Baby Food Tips
If you’re lucky, your baby will eat everything that you give him. If you’re not lucky, you will get a fussy, irritable baby who doesn’t eat anything. For the most part, most babies will fall somewhere in between. They like some foods, but not all foods. Here are some random thoughts I have regarding baby foods.
Start Off Simple
When it comes to baby food, my advice is to start simple and then progress to the more complex. With cereals, start with baby cereals (rice, oat, barley). When your baby looses interest in these, then add some banana or apple sauce to spice it up. And when this get’s boring, then proceed to plain Cheerios with milk or formula. Only much later, when you are out of options, should you go to the flavored cereals like Honey Nut Cheerios (added sugar here).
I particularly like Cheerios because it is the shape and size that toddlers can grasp with their thumb and index finger (pincher grasp). As well, cheerios dissolve/disintegrate relatively quickly so there’s less fear of him choking on a piece that went down the wrong way. Oh yes, the hole in the middle might allow air to flow through even if the Cheerios happened to get lodged in his throat.
Same is true with vegetables: cook them plain and only after your child is bored with them should you add a dash of salt, sugar, or butter to enhance the flavor.
For pasta, serve it up plain. Next, add a bit of olive oil. Then proceed to a dash of butter. Lastly, some red or cream sauce. Your child has to be quite old to appreciate pesto sauce.
Start simple, so you have a place to advance to. Keep in mind that to a baby, everything is new and exciting; so you don’t need to introduce the high-flavor foods right off the bat – keep these for later.
In the beginning, I keep a chart and tick-off the food that my child has already eaten. This may sound silly and unnecessary, but it does help keep your baby on a well balanced diet. My chart is divided into types of food such as:
– green vegetabels
– yellow vegetables
The chart was handy when my husband asks “what should I feed him?”. I would simply reply, “Look at the chart.” If he hasn’t had a yellow vegetable yet, cook up some diced carrots! Here’s a sample of my chart:
By now you probably know that young babies who are breastfeeding or on a baby formula diet do not need extra water or juice. But, as they get older and are weaned from the breast/bottle, you can start giving them extra fluids.
I strongly encourage you to give your child water. After all, he’s drinking to quench his thirst and provide his body fluids. He’s not drinking to increase calories, vitamins, or nutrients; that comes from the good food you provide.
Yes, eventually he does get bored of water especially if you drink juice and soda pop. When you give him juice, my first advice is to dilute the juice to 25%. That is to say one part juice and three parts water. You don’t need to get your graduated cylinders for this, just fill the cup with juice about ¼ of the way, and then fill the rest up with water. Later, you can up it to 50% juice (half juice and half water).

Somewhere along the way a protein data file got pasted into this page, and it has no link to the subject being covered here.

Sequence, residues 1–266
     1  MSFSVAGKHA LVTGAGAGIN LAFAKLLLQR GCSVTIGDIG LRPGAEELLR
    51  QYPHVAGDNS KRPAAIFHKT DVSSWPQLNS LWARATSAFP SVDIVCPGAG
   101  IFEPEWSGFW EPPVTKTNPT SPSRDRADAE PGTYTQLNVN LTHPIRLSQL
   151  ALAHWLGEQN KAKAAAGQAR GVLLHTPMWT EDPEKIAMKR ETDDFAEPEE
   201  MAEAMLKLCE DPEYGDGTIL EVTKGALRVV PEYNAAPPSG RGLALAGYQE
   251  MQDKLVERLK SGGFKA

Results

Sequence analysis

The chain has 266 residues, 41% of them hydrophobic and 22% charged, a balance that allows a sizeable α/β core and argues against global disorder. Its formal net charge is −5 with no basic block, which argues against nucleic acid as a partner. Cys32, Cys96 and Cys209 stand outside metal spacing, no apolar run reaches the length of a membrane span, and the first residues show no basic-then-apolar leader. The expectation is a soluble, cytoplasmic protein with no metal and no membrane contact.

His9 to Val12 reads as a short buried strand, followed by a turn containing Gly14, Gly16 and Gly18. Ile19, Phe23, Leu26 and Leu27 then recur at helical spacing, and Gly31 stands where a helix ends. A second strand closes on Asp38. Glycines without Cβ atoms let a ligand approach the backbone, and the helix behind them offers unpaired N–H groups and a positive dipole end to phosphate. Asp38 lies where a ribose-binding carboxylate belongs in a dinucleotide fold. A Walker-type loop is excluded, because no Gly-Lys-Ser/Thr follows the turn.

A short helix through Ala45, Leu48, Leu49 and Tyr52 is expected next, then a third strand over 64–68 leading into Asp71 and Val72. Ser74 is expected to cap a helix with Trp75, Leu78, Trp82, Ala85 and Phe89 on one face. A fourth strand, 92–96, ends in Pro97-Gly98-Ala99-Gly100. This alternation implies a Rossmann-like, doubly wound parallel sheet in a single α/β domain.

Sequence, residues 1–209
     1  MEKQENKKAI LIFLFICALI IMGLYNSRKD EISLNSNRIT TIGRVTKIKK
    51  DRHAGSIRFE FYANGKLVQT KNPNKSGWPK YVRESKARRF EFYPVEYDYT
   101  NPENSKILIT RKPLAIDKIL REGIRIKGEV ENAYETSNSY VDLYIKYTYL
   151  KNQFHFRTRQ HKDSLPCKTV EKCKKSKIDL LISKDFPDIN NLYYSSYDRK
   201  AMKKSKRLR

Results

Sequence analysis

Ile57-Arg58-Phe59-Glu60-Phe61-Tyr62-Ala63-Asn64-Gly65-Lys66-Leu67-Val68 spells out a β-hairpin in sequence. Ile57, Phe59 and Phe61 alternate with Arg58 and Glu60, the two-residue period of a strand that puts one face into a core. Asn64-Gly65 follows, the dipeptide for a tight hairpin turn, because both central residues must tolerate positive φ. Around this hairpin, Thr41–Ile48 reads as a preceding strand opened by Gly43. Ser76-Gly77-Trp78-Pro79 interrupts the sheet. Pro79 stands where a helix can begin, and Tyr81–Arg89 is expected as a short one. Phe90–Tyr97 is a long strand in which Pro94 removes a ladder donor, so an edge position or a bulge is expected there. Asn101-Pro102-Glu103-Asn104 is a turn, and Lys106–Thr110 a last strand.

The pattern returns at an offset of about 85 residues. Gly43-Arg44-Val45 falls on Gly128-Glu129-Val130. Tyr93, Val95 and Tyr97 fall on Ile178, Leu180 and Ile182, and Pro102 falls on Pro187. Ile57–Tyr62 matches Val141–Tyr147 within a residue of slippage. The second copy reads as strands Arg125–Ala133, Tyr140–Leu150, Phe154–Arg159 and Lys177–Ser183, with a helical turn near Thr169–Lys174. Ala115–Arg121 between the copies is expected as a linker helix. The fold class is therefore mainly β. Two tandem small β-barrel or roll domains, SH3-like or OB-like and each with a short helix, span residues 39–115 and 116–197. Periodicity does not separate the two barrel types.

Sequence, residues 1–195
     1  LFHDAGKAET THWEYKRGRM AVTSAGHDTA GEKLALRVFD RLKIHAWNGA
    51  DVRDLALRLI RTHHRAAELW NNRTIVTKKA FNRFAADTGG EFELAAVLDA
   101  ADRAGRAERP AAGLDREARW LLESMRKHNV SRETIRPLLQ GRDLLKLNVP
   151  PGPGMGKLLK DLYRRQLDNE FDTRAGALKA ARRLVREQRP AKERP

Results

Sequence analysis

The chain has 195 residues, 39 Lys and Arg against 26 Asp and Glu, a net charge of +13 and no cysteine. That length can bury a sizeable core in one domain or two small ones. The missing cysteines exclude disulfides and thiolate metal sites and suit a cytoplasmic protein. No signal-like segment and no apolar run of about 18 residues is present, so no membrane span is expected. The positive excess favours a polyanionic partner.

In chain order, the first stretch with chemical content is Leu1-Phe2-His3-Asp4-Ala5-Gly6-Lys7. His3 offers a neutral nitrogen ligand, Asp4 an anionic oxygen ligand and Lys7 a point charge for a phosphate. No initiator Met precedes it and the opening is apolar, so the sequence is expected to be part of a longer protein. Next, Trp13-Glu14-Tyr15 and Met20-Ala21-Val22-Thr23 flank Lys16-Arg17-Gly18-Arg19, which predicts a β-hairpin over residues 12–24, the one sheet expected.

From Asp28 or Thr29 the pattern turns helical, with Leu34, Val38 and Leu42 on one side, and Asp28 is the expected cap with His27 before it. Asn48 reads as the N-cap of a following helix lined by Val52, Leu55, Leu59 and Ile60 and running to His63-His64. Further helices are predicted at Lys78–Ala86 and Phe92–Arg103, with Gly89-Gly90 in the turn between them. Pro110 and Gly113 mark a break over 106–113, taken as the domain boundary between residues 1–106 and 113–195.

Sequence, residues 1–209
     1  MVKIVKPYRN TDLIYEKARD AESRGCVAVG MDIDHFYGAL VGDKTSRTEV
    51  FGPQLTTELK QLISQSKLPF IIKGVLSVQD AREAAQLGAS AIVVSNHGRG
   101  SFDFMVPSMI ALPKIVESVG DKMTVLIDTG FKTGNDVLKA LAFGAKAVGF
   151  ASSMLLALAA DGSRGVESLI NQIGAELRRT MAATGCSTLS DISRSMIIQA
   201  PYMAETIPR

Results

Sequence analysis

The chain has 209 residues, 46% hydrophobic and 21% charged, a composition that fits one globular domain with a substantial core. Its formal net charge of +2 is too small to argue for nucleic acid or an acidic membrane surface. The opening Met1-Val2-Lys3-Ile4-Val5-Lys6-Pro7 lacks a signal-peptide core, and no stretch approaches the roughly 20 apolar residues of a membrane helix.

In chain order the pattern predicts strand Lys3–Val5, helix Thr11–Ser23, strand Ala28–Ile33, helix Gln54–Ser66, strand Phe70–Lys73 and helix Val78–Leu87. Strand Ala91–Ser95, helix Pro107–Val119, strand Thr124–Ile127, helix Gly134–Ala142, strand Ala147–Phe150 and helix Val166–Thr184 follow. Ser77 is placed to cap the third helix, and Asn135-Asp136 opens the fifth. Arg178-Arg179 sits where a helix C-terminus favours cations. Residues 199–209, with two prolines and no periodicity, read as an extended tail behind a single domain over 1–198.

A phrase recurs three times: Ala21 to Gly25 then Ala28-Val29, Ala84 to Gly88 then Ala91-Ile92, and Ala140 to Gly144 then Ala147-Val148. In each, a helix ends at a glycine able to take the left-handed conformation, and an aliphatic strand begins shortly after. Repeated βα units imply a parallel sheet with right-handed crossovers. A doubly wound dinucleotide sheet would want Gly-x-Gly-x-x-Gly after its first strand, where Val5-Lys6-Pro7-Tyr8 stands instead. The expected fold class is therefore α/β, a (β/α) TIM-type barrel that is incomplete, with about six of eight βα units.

As a matter of fact, I usually only give half a cup of dilute juice so he doesn’t fill up on juice. If he drains the cup of juice in less than a minute and immediately asks for more, I negotiate for him to have a cup of water and then more juice. By the time he finishes the water (if he finishes the water) he isn’t thirsty anymore.
- Read this article to understand how juices and soda pop causes childhood obesity.
Baby Bottles vs Zippy Cup
If your child is consuming too much milk or juice, and is (1) getting fat, or (2) won’t eat his dinner, then you should take him off the bottle and start him on a no spill cup. Baby bottles are so easy to carry around and your baby may be attached to it so that he is drinking too much. Switch him to a zippy cup and use this transition as a time to regulate what he drinks and how much.
- See no spill cups here.
When a toddler starts eating solid foods, I don’t give the toddler any dessert. Why fill him up with dessert when he should be filling up with good, nutritious food? Plus, as a baby, he doesn’t know any better, so why give him a sugar treat if it’s not necessary?
If you really want to increase his happiness by giving him a dessert, give him fresh fruits. A slice of fruit is so tasty and it’s good for you too (vitamins, fiber).
After fruits, my second choice would be a baby cookie like the ones made by Arrowroot or Gerber. These cookies taste good and (to our minds) are quite plain – no sprinkles, no chocolate, no nuts, no jelly and so forth. But for a baby, it’s heaven! There’s no need to introduce him to sugar coated, chocolate dipped, cream filled donuts. There will be time for that later.
I strongly discourage you from feeding your toddler the baby food jars of dessert. These contain added sugar and fillers. They are as good for your baby as a slice of cheesecake. Yes, I love cheese cake, but it’s not good for me – and it’s not good for your baby.